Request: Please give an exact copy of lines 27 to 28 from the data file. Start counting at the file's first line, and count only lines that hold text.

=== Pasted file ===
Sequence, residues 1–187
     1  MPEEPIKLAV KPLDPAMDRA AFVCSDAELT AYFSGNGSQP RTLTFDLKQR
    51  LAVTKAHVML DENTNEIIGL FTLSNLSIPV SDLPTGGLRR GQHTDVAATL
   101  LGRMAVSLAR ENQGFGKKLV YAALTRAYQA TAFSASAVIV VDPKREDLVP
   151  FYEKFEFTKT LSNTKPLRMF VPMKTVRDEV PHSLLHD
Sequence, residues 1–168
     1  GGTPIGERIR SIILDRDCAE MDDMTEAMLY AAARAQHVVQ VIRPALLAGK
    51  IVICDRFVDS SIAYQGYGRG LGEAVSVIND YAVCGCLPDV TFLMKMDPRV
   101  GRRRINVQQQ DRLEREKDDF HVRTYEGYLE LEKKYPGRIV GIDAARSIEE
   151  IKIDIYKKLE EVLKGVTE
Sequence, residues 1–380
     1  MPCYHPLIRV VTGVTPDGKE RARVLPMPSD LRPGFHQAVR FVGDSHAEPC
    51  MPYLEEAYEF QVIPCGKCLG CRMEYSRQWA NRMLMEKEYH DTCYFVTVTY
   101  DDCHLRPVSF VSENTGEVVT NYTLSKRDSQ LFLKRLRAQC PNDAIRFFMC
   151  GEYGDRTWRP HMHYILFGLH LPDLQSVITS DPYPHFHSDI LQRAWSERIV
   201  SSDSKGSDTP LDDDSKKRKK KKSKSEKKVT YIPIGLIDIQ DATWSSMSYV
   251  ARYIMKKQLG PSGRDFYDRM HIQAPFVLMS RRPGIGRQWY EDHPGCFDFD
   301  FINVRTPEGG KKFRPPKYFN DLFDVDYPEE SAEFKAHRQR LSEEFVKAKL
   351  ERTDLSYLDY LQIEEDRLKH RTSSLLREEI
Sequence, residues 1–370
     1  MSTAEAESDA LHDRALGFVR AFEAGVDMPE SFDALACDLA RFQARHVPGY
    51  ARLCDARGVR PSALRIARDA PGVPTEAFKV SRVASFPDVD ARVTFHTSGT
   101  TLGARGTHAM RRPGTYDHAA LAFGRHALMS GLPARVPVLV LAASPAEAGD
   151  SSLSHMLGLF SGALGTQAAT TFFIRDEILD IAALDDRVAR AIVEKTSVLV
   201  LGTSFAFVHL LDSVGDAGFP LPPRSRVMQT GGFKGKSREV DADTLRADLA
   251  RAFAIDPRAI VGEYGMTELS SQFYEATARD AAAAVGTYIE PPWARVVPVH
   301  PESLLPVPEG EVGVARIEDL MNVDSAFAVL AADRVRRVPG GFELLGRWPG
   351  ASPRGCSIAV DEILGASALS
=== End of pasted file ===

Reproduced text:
   301  PESLLPVPEG EVGVARIEDL MNVDSAFAVL AADRVRRVPG GFELLGRWPG
   351  ASPRGCSIAV DEILGASALS